Even a rich candidate can use a little extra cash
So who gives money to a mega-millionaire? Suburbanites fed up with the city's leadership. Food-and-wine aficionados. Out-of-state businesses that wouldn't mind having a friend in City Hall.
So who gives money to a mega-millionaire?
Suburbanites fed up with the city's leadership. Food-and-wine aficionados. Out-of-state businesses that wouldn't mind having a friend in City Hall.
And, of course, the millionaire himself.
On Sunday, Tom Knox, one of the five major Democrats in Tuesday's mayoral primary, pumped a fresh $1 million into his campaign as rival groups continued to attack him.
Including the $1 million he contributed the week before, Knox has poured in $9 million since he entered the race in late 2005, according to campaign-finance reports filed Friday.
All told, the former health-care executive and banker, who says he is worth $100 million, had raised just shy of $10 million, the rest coming mostly from people who previously worked with Knox, are enamored of his anticorruption message, or have a business interest in backing all five candidates.
Together, those donations account for about 9 percent of Knox's money, a higher percentage than the outside campaign funding collected by two other millionaires who financed their elections.
In 2005, New York Mayor Michael Bloomberg spent more than $70 million on his campaign, none from donors, and Gov. Corzine relied on donors for 5 percent of his contributions while he footed the bill for $43 million more, according to the nonpartisan Public Campaign Action Fund of Washington.
Money, of course, isn't everything. Knox's political fortunes have dropped a bit in recent weeks while Michael Nutter's have risen. Nutter, neck and neck with Knox in one recent poll, has drawn far more individual donors than Knox, illustrating a broad base of support. In the first four months of this year, for instance, Nutter counted seven donors for every one who gave to Knox.
An Inquirer analysis of Knox's contributions - absent his own - shows that just $1 of every $3 he raised came from residents and businesses in the city. Far more - almost half of his $850,000 in donations - came from Philadelphia's high-priced suburbs, including Bryn Mawr and Haddonfield.
Nearly $163,000 of the total rolled in from out of state.
"Tom is a pretty solid guy, and I think he would be a beneficial candidate for Philly, knowing the pains Philly is going through," said Thomas Scotto of Staten Island, N.Y. A third-party marketer of health-care plans, Scotto said he had met Knox through a mutual friend about two years ago. "I drove out to Philly. We sat down and had lunch. He was very courteous to me."
So when Knox asked Scotto to hold a fund-raiser in New York, Scotto complied.
"About 50 or 60 people showed up for the cocktail party," Scotto said. "People gave him checks for no more than $100 because, if I'm not mistaken, that's all he insisted upon."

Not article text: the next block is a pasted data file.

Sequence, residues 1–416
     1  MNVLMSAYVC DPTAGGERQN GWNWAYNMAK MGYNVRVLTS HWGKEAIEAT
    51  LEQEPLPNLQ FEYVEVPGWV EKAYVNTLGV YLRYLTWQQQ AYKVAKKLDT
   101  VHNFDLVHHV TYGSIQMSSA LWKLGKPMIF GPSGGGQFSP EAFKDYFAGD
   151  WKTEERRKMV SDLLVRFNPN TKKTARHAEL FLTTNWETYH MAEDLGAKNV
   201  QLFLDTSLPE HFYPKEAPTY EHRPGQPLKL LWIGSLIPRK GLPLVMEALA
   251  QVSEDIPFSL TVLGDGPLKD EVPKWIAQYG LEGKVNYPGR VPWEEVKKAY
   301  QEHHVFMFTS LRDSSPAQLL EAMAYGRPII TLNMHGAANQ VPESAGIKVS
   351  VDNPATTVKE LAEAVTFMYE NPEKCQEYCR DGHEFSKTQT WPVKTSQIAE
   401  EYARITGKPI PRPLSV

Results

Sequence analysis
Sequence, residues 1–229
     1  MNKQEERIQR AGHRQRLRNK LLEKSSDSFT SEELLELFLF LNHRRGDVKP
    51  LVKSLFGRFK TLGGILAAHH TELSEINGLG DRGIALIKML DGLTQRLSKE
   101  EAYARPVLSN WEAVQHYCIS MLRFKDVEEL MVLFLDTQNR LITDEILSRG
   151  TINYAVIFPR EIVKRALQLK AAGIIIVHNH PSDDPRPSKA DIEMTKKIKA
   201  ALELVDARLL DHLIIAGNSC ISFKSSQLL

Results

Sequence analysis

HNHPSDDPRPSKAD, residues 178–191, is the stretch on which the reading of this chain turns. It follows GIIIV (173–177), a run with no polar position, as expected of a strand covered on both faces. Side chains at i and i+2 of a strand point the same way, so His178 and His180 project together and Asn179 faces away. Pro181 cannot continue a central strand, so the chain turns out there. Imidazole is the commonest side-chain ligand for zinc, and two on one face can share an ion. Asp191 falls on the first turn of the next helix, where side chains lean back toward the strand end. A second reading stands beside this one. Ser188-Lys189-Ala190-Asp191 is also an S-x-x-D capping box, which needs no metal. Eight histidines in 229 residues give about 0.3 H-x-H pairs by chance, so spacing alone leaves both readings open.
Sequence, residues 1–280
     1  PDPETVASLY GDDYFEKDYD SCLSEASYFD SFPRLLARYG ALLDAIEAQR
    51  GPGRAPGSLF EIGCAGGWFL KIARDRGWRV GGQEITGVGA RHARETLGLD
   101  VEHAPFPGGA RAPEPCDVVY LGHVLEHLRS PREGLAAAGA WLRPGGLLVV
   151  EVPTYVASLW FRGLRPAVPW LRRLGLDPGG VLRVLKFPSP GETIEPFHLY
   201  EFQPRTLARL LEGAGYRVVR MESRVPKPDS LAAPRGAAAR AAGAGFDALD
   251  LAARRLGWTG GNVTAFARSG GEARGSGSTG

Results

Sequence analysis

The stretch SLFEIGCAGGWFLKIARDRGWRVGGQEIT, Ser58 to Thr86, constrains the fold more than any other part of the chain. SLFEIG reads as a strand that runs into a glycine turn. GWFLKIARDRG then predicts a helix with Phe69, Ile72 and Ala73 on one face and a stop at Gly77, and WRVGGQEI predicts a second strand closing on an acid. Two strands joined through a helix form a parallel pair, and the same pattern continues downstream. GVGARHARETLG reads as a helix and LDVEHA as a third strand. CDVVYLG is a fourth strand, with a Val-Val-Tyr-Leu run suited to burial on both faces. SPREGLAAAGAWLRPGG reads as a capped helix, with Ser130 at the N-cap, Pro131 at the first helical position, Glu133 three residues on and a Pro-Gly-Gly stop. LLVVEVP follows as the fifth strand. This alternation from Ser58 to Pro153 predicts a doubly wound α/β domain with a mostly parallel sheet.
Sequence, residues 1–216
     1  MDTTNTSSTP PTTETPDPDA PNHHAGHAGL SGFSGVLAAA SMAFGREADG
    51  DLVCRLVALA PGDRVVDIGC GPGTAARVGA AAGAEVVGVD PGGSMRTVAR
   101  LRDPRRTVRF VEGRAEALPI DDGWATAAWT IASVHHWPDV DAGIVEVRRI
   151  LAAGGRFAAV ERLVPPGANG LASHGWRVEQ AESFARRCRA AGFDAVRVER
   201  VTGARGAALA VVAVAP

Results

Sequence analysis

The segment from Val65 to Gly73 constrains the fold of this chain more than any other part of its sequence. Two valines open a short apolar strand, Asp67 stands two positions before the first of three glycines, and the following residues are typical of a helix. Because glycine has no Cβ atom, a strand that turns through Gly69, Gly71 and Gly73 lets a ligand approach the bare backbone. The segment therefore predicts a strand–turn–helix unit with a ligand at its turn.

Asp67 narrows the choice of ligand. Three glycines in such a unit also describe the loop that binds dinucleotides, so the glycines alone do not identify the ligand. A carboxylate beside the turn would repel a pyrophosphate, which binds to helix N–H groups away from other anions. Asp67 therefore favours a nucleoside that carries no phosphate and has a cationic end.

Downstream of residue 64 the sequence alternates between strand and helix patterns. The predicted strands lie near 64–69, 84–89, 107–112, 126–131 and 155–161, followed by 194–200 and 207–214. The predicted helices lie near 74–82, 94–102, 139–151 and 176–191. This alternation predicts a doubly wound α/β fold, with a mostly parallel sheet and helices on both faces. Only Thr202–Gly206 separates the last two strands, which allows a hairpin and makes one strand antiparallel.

Knox campaign spokesman Josh Morrow said that was "Tom to a T. . . . Tom is not someone who goes out and asks for a specific dollar amount. It's 'Whatever you can give me.' "
Knox collected far bigger checks from others in the health-care industry, including $20,000 from the Minnesota-based political action committee run by UnitedHealthcare, where Knox served as chief executive officer until he resigned last year to run for mayor.
He also received the maximum annual individual donation of $5,000 from several local health-care executives he has known or worked with, many with a long history of campaign giving in City Hall. They include Arnold Katz, president of Brokerage Concepts in King of Prussia, who gave $5,000 last year and $5,000 this year; Katz's wife, Bunnie, separately gave Knox $2,500 last year and $5,000 this year. Insurance executive William Graham IV, an investor in the company that owns the Inquirer, also donated $5,000.
Knox has attracted other traditional donors, as well, such as law firms that do business with the city.
"I understand the playing field is not level in terms of personal wealth of the candidates, but every candidate brings something different," said Mark Alderman, chairman of Wolf, Block, Schorr & Solis-Cohen in Center City. Through its political committee, the Ninth Decade Fund, the firm donated a total of $13,500 to Knox, and gave to his four rivals as well.
To be sure, some of Knox's donors said they had been moved solely by his message. In TV ads that have appeared for months, Knox has pledged to "take down the 'For sale' sign" at City Hall.
"I can't vote," said Anthony Jannetta, a 72-year-old registered Republican in Haverford, yet he gave Knox $200 in late March because "I think the city is overrun with bad management and corruption, and I think Tom brings a new, fresh face to it."
"I'm not totally convinced he can do the job," Jannetta added, "but he's smart enough to know where he's weak."
Philadelphia lawyer Norman Valz had never heard of Knox but contributed $500 after hearing him speak at a friend's house several months ago.
"I was very much impressed with the guy, that he was basically a self-made businessman and would bring business-oriented experience to the government of Philadelphia," Valz said.
Asked why he had given money even though Knox is wealthy enough not to need it, Valz said it was a way for him to "amplify" his vote.